Published: 06:00, 18 February 2021
| Updated: 11:27, 18 February 2021
When more than 70,000 people flocked to Brands Hatch for the first-ever A1 Grand Prix event, it looked for all the world like Formula 1 had returned to Kent.
Queues stretched back on the M25, Union Jacks caught the eye as fans cheered on their home heroes, and the goosebump-inducing sound of screaming V8 engines could be heard for miles around.
Although the much-hyped single-seater championship would only last four years, there was no denying the novel concept made an instant impact on its inaugural meeting in September 2005.
The brainchild of Sheikh Maktoum, a member of Dubai's ruling family, the series initially featured 25 cars from national teams representing countries including Great Britain, France and Germany.
Using identical Lolas powered by 550bhp Zytek engines, the concept of nations having their own teams meant fans could not only support their favourite drivers but their countries too, and the venue became awash with spectators in scenes reminiscent of the last F1 Grand Prix held at the track in 1986.
"People forget there were rumours it was going to be a threat to F1 as there was such a lot of hype behind it," remembers Goudhurst's Simon Hill, who drove the pace car and later became the championship's TV pitlane reporter.
"Although it was clearly not F1, it gave the same sense of occasion.
"Brands was the perfect venue for it and they managed to get the balance right between razzmatazz and a very serious motor race."
Future F1 driver Nelson Piquet Jr triumphed in both races for Team Brazil on the opening weekend – 22 years to the day after his father Nelson Piquet Sr won the European Grand Prix at the track in a Brabham-BMW.
But series bosses were quick to play down the claims it could rival F1 – with Sheikh Maktoum describing them as "two completely different concepts".
At the inaugural Brands event, the £29 ticket was a third of the cheapest for that year's British Grand Prix at Silverstone.
And in contrast to F1's technology, A1 had simpler cars in a bid to create a series of races that would be more down to drivers' skill levels, with no complicated electronics or aerodynamic add-ons to create extra downforce.
During the championship's last-ever meeting at Brands in May 2009, up-and-coming Chatham-born racer Aaron Steele secured a seat in the rookie driver test on the Friday before the main event.
He describes his one-off drive in the series – which by that point had switched to new 'Powered by Ferrari' cars – as a "phenomenal experience".
"It turned out to be the very final event as the whole thing then faded away, but doing that event at Brands – my stomping ground – was incredible," he says.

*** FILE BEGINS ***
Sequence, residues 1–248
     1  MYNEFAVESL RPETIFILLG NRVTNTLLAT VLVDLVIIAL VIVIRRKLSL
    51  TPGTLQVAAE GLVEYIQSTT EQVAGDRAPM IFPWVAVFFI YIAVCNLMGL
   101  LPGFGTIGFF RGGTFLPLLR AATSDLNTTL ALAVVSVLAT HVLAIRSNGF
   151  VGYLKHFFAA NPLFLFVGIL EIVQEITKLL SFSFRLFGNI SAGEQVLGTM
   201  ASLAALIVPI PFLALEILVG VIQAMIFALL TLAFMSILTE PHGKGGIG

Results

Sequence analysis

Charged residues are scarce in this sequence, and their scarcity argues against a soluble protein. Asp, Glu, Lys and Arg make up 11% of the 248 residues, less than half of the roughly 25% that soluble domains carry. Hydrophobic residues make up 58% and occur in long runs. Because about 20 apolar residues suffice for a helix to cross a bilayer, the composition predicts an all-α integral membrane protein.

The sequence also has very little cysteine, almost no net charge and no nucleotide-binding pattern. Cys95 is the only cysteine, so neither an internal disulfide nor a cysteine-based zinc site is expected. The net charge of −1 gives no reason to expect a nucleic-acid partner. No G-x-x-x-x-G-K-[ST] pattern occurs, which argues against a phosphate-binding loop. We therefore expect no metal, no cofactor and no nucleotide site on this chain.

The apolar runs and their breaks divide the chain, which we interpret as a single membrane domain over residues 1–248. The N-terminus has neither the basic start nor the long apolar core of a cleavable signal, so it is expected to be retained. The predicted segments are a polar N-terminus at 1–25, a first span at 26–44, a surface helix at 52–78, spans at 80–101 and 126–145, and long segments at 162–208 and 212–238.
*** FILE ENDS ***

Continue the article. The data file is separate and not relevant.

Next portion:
"It was one of the most perfect days of my life – the full Grand Prix circuit, blue skies, sunshine, and a good temperature.
"You could walk around in a t-shirt and some of my friends who came to watch even got sunburnt.
"But something I probably underestimated at the time was the feeling of driving the British car as a British driver at the British round of a worldwide event.
"You always hear Lewis Hamilton going on about his home Grand Prix at Silverstone and how it gives him that little bit extra, but I know what it means, even from just doing that."
The 2005 meeting, which was the first of four A1 events held at Brands, attracted 72,000 people over the weekend – including 46,000 fans on the Sunday.
It came less than two years after former F1 driver Jonathan Palmer's MotorSport Vision concern had taken over the West Kingsdown circuit, which had to be upgraded to allow the event to take place.
Circuit bosses spent about £500,000 upgrading the Grand Prix loop to secure an FIA Grade 2 licence, with major works taking place at Hawthorn, Westfield and on the run to Sheene Curve.
The revised Westfield bend was used for the first time in June 2005, featuring a slower entry and a 45-metre extension to the gravel trap.
But the changes didn't stop A1 drivers losing control at the sweeping right-hand turn – with Hill describing some of the competitors as "glorified club racers".
He says: "Because of the nationality thing, they were bringing in drivers for some of the countries who I could have honestly jumped in and gone quicker than – and I was in my 40s at the time.
"Some of them were awful, but others were very good."
One of the latter was future F1 star Nico Hulkenberg, who scored nine victories during his time in the series for Team Germany – including the feature race win at Brands in April 2007.
But while many top drivers competed in the championship, the 'World Cup of Motorsport' wouldn't last.
The introduction of the new Ferrari-powered cars for the 2008/09 season wasn't a success and the series folded amid spiralling costs.